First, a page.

John J. Mooney’s invention of the three-way catalytic converter has not only spared the environment billions of tons of automobile exhaust pollutants since its introduction in the mid-1970s; it’s saved lives.
Mooney, along with chemist Carl D. Keith and a team at Engelhard Corporation, improved the original catalytic converter—which was able to scrub hydrocarbon and carbon monoxide from automobile exhaust but ineffective in reducing nitrogen oxides—by creating a model that could take care of all three gases.
As a result, the device has made an incredible impact in curbing smog and eliminating some of the most damaging side effects of the internal combustion engine on the environment and on human life.
An Environmental Protection Agency report, for example, estimated Mooney’s invention helped save 100,000 lives and stave off hundreds of thousands of cases of throat and lung ailments.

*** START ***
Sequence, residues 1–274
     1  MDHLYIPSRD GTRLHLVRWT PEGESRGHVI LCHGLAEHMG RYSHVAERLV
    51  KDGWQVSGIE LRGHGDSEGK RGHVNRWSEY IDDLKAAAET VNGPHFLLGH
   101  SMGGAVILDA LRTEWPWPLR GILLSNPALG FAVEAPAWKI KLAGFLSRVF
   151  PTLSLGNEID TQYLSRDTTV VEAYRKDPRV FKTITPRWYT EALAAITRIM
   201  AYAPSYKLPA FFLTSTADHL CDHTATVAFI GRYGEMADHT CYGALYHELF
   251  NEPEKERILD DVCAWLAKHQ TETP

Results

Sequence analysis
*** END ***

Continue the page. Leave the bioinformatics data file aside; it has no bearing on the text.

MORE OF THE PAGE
A native of New Jersey, Mooney spent 10 years working for the Public Service Electric and Gas Company while working on his Bachelor of Science degree at Seton Hall University. After graduation, he spent time in the U.S. Army before resuming his studies in chemical engineering at Newark College of Engineering, now known as New Jersey Institute of Technology.
After graduate school, Mooney went to work at Engelhard Corporation, where he spent 43 years of his career. He retired as the firm’s technical director in 2002, before starting the Environmental and Energy Technology and Policy Institute, a not-for-profit company through which he has worked with the United Nations Environmental Program on the Partnership for Clean Fuels and Vehicles.
He has authored or co-authored more than 70 publications, and he holds 17 U.S. patents.
By Sydni Dunn